Starting from Kenya, BuuPass is digitising ticketing for Africa’s mobility sector
In 2016, two Kenya-based entrepreneurs—Sonia Kabra and Wycliffe Omondi—set out to digitise this sector by providing operators with a bus management system (BMS) for managing their operations, inventory and sales.
Travelling by road is the primary means of transportation across Africa, especially for inter/intra-city movements. However, due to the low rate of car ownership—about 30 to 70 vehicles per 1,000 people, most people on the continent depend on public transportation every day.
Although 64% of urban dwellers use the internet in Africa, travellers are required to book for trip manually at the park on the day of departure, this often leads to chaotic scenes, especially during festive periods. Only a few of these transport companies provide seat reservations option online.
It was Dorcas* first time in Jos, a city in Northern Nigeria, after a weeklong trip, she was meant to travel to Awka, South Eastern Nigeria. Apart from the fact that air transportation is expensive for the average traveller in Nigeria, the Jos Airport only connects to Abuja and Lagos. So road transportation was the only option since the railway infrastructure in most parts of the country is dilapidated.
“It took me a long time to get a bus that will be travelling to Awka that week. I finally got the contact of one of the bus operators that ply my route,” she said. Dorcas had to be at the car park as earlier as 4:30 AM to enable her to get a seat reservation for the bus which was leaving for Awka in an hour.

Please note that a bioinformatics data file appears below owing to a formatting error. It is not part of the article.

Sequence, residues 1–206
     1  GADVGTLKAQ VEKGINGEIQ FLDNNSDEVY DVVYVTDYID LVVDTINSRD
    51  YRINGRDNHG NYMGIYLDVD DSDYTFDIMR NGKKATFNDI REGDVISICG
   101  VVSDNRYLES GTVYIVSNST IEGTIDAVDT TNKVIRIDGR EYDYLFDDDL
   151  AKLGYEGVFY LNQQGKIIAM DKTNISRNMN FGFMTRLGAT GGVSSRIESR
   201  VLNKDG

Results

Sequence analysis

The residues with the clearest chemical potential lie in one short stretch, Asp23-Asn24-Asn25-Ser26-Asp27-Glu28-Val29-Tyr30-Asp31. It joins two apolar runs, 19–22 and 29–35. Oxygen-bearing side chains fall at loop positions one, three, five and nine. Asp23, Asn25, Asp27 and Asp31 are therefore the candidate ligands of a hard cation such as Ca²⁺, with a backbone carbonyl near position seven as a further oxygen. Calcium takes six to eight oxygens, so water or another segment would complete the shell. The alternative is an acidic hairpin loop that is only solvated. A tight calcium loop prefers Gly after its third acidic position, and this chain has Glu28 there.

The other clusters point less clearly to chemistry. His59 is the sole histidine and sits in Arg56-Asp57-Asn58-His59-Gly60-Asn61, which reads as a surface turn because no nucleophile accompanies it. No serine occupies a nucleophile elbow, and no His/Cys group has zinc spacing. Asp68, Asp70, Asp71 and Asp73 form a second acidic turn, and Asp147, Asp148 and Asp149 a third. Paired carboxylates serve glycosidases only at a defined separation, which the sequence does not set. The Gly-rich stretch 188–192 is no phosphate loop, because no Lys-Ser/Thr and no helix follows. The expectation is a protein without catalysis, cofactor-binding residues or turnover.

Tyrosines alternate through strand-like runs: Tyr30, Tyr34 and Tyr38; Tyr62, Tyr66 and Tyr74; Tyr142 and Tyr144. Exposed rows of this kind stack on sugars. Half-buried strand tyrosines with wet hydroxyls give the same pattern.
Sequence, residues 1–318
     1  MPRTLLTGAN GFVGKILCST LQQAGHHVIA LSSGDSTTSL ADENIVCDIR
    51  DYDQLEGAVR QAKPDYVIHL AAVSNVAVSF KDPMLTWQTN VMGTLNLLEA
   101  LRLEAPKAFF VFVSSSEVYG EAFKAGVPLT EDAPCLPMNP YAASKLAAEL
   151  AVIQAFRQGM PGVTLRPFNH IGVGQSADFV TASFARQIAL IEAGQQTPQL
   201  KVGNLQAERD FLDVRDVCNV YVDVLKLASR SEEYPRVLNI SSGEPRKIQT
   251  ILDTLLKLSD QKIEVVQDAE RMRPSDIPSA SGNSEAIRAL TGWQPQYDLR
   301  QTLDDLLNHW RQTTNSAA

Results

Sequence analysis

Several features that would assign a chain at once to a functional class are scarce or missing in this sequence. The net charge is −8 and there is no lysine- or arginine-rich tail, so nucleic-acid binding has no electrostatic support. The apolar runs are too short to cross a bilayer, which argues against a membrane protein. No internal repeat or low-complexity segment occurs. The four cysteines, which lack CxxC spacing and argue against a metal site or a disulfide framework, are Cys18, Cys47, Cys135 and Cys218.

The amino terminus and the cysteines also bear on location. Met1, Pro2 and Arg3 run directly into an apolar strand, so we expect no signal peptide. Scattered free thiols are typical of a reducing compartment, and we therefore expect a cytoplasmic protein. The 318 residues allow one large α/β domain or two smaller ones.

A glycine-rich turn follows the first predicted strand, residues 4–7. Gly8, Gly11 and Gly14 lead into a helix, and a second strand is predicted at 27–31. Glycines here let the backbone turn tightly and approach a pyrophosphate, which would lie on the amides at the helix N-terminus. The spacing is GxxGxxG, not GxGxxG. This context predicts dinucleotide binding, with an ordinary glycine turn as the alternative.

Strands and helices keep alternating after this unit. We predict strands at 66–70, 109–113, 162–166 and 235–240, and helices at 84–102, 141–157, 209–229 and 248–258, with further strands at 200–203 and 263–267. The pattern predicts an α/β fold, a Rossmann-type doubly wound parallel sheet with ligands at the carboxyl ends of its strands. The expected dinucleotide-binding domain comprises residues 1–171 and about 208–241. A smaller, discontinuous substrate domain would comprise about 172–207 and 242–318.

Where the journey started
This is what it feels like to travel between cities in Africa. In 2016, two Kenya-based entrepreneurs—Sonia Kabra and Wycliffe Omondi—set out to digitise this sector by providing operators with a bus management system (BMS) for managing their operations, inventory and sales. While enabling passengers to search, compare and book their tickets using different channels, including websites, apps and USSD codes.
“We make journeys seamless by making travelling by road in Africa faster, easier and more affordable,” Sonia, BuuPass’ co-CEO, says.
The duo met at Earlham College in Richmond, Indiana in the United States. During one of their conversations, they discussed the inefficient transport systems in their countries—Kenya and India. In 2016, Sonia and Wycliffe to pitched the idea at a student business competition by Hult Prize, and they won $1 million from former US President, Bill Clinton; this was the beginning of BuuPass (formerly known as Magic Bus Ticketing).
“When we first started BuuPass, the digitisation of Kenya’s transportation sector was still in its early stages. Our initial solution focused on building a booking platform, but once we entered the market, we quickly realised that the main challenge was the lack of digitisation among bus operators,” Wycliffe added. “They were mostly using pen and paper to do ticketing, they had no transparency into their sales. There were a lot of cash leakages.”
After about seven years of operating in Kenya and Uganda, BuuPass has over 2.5 million customers that have used its about 1250 partner busses across more than 800 routes. The bus ticketing company says it has sold more than 9 million tickets and presently processes about 12,000 transactions, daily. BuuPass has expanded its ticketing platform to cover cargo management and rail and air transportation.